A key figure in 21st-century North African literature and cinema, Abdellah Taïa is perhaps one of the only openly gay Moroccan writers and filmmakers. He visits Franklin & Marshall College April 3 to screen his first film, “Salvation Army,” and then to lecture and visit classes.
“Salvation Army,” considered autobiographical, debuted in 2013 and is adapted from Taïa’s book by the same name. Interview Magazine described the novel as “a valuable contribution not only to queer fiction but to North African diaspora literature as well.”
The film’s screening is 7 p.m. in the Life Sciences and Philosophy Building’s Bonchek Lecture Hall. Afterward, Taïa will discuss “Freedom Without Borders: On Gender, Sexuality and Identity in the Arab-Muslim World.” He’s considered a vital gay rights activist in the Arab world, and has published 10 novels in French, which have been translated into eight different languages.
Taïa’s visit is part of Africa Worldwide, a series of lectures, films, exhibits and student-led discussions begun last fall to examine cultural difference and diversity, social justice, and global conflict and interdependence. More than 10 academic departments and programs (from Italian to Women’s, Gender and Sexuality Studies), along with several student organizations and campus offices, organized the yearlong series of events.
Events are open to the public. Others in the series this semester:
- March 2 – “Being Omu [female monarch], An African Analysis of Transformatory Power,” lecture by Nkiru Nzegwu, professor of Africana Studies, Binghamton University, 7 p.m., Stahr Auditorium. An artist, and a poet, Nzegwu is founder and editor of “JENDA: Journal of African Women’s Studies,” and the author of “Family Matters: Feminist Concepts in African Philosophy of Culture.” She has authored more than 100 book chapters, journal and catalogue articles, translations, and encyclopedia entries and reviews.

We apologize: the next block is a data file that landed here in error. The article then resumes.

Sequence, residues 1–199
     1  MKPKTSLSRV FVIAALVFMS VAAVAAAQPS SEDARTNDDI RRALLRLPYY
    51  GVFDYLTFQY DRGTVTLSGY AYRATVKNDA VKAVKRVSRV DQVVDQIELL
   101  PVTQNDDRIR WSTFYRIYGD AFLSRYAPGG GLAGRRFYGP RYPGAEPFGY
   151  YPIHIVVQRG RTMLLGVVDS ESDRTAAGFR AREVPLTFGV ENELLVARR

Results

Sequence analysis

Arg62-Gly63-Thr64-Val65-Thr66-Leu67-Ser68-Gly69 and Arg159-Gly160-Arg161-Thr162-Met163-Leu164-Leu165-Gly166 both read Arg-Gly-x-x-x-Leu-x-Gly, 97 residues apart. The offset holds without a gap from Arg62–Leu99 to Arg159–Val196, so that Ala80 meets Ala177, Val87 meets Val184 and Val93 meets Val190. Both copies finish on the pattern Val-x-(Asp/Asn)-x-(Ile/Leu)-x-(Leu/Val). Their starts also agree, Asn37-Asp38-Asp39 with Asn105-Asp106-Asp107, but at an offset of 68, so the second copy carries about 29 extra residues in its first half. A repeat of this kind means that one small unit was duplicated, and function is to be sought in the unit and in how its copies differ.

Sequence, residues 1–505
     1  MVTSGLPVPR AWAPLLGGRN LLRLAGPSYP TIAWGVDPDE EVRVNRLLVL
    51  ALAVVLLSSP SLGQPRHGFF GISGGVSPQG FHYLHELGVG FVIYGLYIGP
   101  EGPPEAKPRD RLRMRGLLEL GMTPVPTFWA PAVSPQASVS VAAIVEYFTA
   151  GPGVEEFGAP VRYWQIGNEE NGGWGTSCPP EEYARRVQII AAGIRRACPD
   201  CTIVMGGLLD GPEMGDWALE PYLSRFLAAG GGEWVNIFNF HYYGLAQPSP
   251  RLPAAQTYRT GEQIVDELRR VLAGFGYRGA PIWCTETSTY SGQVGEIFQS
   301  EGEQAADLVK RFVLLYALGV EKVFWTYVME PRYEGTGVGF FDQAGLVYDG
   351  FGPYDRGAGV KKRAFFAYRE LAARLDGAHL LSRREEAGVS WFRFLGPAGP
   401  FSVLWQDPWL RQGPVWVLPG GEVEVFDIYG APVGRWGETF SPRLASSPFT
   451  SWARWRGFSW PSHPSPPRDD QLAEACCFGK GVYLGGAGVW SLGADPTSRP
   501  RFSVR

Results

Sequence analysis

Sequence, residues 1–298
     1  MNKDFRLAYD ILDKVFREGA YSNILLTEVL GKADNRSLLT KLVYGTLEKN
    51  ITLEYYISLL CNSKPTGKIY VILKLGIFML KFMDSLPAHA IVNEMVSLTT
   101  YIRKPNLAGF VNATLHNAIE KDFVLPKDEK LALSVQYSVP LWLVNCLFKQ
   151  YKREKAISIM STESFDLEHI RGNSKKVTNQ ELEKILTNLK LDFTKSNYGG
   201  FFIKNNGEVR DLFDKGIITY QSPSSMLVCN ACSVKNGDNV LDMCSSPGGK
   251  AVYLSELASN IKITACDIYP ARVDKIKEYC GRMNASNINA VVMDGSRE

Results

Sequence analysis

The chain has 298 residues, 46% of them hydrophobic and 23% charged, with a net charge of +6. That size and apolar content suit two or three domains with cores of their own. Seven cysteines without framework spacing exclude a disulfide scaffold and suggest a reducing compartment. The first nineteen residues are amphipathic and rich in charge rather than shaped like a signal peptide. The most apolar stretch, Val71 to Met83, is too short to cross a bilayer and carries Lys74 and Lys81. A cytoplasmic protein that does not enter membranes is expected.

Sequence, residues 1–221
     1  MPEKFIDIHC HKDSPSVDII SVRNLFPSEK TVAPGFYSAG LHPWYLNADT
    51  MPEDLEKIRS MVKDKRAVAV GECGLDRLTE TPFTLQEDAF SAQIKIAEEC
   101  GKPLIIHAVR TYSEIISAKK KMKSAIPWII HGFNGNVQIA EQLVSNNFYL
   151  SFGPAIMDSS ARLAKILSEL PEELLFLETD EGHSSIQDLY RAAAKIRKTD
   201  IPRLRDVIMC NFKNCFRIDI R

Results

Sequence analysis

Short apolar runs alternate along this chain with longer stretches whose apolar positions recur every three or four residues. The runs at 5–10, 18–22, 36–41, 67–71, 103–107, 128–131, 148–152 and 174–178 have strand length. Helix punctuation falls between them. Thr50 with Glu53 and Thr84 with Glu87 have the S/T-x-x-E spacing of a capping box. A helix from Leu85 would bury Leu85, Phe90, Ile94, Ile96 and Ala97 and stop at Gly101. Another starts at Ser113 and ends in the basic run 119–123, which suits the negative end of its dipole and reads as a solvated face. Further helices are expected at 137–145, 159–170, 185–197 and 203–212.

- March 29 – “The Scholar Denied: W.E.B. Du Bois and the Birth of American Sociology,” lecture by Aldon Morris, Leon Forrest Professor of Sociology and African American Studies, Northwestern University, 7 p.m., Bonchek Lecture Hall. His book, “The Origins of the Civil Rights Movement,” which received several prizes including the American Sociological Association Distinguished Contribution to Scholarship Award, emphasized the organizational and cultural basis of social protest. His more recent book, “The Scholar Denied,” explores why Du Bois’ work was marginalized by the sociological profession.
- April 13 – “The Communities Left Behind: Race, Health and Policing in the 21st Century,” Abigail Sewell, assistant professor of sociology at Emory University, Common Hour, 11:30 a.m., Mayser Gymnasium. Sewell is founder of the Race and Policing Project, a collaborative effort to curate research at the intersections of racial inequality and criminal injustice for community consumption and usage.
- April 13 – “The Film Art of Randy Wilkins ’01,” screening and lecture by Randy Wilkins, 7-9 p.m., Bonchek Lecture Hall. Wilkins is founder/writer/director of Pam’s Son Productions and editor of the production company, 40 Acres and a Mule Filmworks. He is an Emmy Award winning, director, cinematographer and editor.
- The Modern Caribbean, a student-led panel discussion with the African and Caribbean Students Association. Date and location to be announced.